CHARLIE KIMBALL: Well, I think the pressure side, having these guys as teammates takes a heck of a lot off my shoulders because I knew that I could settle in, and as long as I was smart and didn't make too many big mistakes and kept us in the race they'd put us in a position to win at the end. Overall what an incredible race, though. It's unbelievable, and with about four hours to go, I looked up and thought, we have the whole Indy 500 left to run as far as time, and my second thought was, why do they only do this once a year, because what an incredible -- it's hard on everybody, mechanics, team, drivers, but it's such an awesome event and such a great race, and just to be a part of it with these guys and learn from these guys, I think it'll help me not only in this side with the roof but also without a roof.
Q: Juan, a big year for you because I think you want to perform better in your full-time job. Can you talk about what this means for you and what kind of momentum it can give you?
JUAN PABLO MONTOYA: I think it's good. I think personally it's a boost getting the job done. The last few years we finished second, we finished fourth, we finished third, we've been there all the time, and it's been painful. It's like you get so close, and the last season caught pretty hard.
I think testing has gone really, really well over the last couple months with the new car, and it seems like we've got a lot more speed than we had last year. It's encouraging. I'm very conservative to see how good we're going to be, but we're probably 80 percent better prepared than last year, and that is good. Everybody -- we had to hire a ton of new people last year and now everybody is working together, everybody understands their job and what needs to be done, so it's been pretty good?
Q: Do you think you're racing for your job this year?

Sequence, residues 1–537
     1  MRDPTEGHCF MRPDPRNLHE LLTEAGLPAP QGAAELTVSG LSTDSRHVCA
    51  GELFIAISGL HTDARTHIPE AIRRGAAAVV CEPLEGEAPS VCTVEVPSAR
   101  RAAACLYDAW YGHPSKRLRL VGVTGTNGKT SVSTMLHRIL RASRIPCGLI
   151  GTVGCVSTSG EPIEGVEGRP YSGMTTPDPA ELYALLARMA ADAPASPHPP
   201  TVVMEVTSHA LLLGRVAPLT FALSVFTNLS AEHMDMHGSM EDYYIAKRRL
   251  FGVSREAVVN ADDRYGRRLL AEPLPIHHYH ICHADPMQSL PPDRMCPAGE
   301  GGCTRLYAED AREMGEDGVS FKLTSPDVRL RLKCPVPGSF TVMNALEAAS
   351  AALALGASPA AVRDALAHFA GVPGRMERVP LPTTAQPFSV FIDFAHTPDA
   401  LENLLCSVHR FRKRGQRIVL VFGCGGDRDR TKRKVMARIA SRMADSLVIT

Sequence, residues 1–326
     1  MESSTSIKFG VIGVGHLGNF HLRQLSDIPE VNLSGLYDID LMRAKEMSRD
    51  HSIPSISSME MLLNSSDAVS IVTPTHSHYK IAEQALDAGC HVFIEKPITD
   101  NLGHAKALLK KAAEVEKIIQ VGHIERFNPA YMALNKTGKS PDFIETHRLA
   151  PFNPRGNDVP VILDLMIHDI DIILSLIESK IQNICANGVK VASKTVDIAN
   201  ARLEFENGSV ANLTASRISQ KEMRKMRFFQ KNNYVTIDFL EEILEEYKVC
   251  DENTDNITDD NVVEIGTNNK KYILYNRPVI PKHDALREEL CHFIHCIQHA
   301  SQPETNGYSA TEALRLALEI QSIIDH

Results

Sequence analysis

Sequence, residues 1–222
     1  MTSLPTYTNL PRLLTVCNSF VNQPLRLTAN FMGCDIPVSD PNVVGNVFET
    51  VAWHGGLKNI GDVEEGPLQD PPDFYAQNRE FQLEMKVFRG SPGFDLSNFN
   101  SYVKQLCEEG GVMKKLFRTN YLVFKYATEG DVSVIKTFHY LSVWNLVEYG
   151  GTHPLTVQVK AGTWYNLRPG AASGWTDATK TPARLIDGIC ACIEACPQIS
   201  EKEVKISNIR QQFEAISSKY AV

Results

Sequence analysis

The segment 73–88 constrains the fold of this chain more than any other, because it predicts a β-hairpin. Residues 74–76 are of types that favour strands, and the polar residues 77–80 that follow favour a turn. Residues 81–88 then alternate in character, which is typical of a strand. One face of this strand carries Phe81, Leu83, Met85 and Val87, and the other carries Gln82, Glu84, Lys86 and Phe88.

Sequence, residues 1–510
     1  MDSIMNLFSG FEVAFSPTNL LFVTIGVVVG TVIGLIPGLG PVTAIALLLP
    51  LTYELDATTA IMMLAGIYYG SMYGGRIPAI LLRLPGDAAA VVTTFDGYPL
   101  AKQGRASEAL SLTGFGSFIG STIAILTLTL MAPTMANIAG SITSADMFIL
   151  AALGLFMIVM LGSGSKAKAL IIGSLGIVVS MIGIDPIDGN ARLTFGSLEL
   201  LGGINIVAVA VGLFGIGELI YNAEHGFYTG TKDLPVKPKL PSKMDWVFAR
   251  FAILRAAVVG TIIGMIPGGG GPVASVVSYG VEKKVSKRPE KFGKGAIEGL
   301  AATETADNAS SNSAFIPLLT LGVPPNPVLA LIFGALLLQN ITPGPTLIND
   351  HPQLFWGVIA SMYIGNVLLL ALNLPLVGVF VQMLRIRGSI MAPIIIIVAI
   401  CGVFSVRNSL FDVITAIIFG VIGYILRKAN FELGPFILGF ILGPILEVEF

JUAN PABLO MONTOYA: I think you always race for your job. It's normal.
Q: Juan,did it help you that you have raced AJ Allmendinger in the past, you knew what to expect on some of these restarts, you knew him?
JUAN PABLO MONTOYA: I think we've both been doing NASCAR for a while, and you learn the give and take and you learn to share the racetrack – and that's something that here people don't do. You're beside them and they turn like you're not even there, and that's kind of shocking, but that's what it is.
Q: Juan, was it kind of frustrating in that last hour with the cautions and all the restarts, and did it almost remind you of a NASCAR race?
JUAN PABLO MONTOYA: I don't know, you keep your head cool, and you know what you need to do, and that's it. You want to – with the speed we had on the car, it felt like we didn't have to take any risk. We had to go through a decent restart and then go for it.
Q: Just how good a feeling is it when you know you're faster than the guy in front of you and you know as soon as you get your chance that it's just a matter of time as long as you don't mess it up?
JUAN PABLO MONTOYA: Well, that's one of the cool things about doing the 24 Hours with Chip [Ganassi] is every year you come here, you're a favorite, whether you win or not, you're always a favorite and you always have a chance of winning. Everybody that races for Chip that comes here finds that out. You know, it's fun, it's exciting, and it's – I feel bad for the guys in the 02, because they had a ton of speed and they could have easily won, too.
Q: Scott, it's been a little while since we saw you cross for the Le Mans 24 hours. The rumors are we might see Daytona Prototypes racing there in a couple years' time. Talk about having another class win.
SCOTT PRUETT: I think it would be tremendous. I think that's one of the frontiers that Chip hasn't yet conquered or really gotten himself involved in the middle of, but one that he would like to take on for sure; especially with the relationship we have with BMW it would be a natural to head on over there, and I certainly would like to go back.
Just like the Daytona 24-hour, the Le Mans 24 is interesting because they're really different, the races themselves, one is on a three-and-a-half mile track, one is on an eight-mile track, as you know, and the ebb and flow is different. With everything coming together like it is, and I know one of those things that Chip hasn't achieved yet is going over to Europe and racing at Le Mans, and I know he would jump at that chance, and I would, too.